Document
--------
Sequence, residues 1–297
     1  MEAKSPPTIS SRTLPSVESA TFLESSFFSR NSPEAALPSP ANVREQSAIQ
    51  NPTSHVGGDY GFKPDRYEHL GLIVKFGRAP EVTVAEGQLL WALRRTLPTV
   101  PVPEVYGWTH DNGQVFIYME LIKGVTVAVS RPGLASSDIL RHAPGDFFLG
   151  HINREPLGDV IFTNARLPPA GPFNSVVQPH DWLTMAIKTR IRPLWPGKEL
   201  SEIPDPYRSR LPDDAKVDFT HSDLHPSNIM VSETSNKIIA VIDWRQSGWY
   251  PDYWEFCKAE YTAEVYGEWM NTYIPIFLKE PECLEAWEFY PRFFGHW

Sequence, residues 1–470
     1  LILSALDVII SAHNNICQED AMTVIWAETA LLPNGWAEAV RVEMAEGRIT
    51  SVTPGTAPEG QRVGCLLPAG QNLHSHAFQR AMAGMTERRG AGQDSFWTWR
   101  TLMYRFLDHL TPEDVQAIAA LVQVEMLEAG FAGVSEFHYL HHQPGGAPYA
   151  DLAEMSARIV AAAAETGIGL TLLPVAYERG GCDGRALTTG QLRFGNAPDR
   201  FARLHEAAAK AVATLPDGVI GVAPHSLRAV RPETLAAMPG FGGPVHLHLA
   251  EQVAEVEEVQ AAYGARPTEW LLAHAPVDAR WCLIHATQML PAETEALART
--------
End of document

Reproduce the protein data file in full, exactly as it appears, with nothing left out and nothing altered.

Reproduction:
Sequence, residues 1–297
     1  MEAKSPPTIS SRTLPSVESA TFLESSFFSR NSPEAALPSP ANVREQSAIQ
    51  NPTSHVGGDY GFKPDRYEHL GLIVKFGRAP EVTVAEGQLL WALRRTLPTV
   101  PVPEVYGWTH DNGQVFIYME LIKGVTVAVS RPGLASSDIL RHAPGDFFLG
   151  HINREPLGDV IFTNARLPPA GPFNSVVQPH DWLTMAIKTR IRPLWPGKEL
   201  SEIPDPYRSR LPDDAKVDFT HSDLHPSNIM VSETSNKIIA VIDWRQSGWY
   251  PDYWEFCKAE YTAEVYGEWM NTYIPIFLKE PECLEAWEFY PRFFGHW

Sequence, residues 1–470
     1  LILSALDVII SAHNNICQED AMTVIWAETA LLPNGWAEAV RVEMAEGRIT
    51  SVTPGTAPEG QRVGCLLPAG QNLHSHAFQR AMAGMTERRG AGQDSFWTWR
   101  TLMYRFLDHL TPEDVQAIAA LVQVEMLEAG FAGVSEFHYL HHQPGGAPYA
   151  DLAEMSARIV AAAAETGIGL TLLPVAYERG GCDGRALTTG QLRFGNAPDR
   201  FARLHEAAAK AVATLPDGVI GVAPHSLRAV RPETLAAMPG FGGPVHLHLA
   251  EQVAEVEEVQ AAYGARPTEW LLAHAPVDAR WCLIHATQML PAETEALART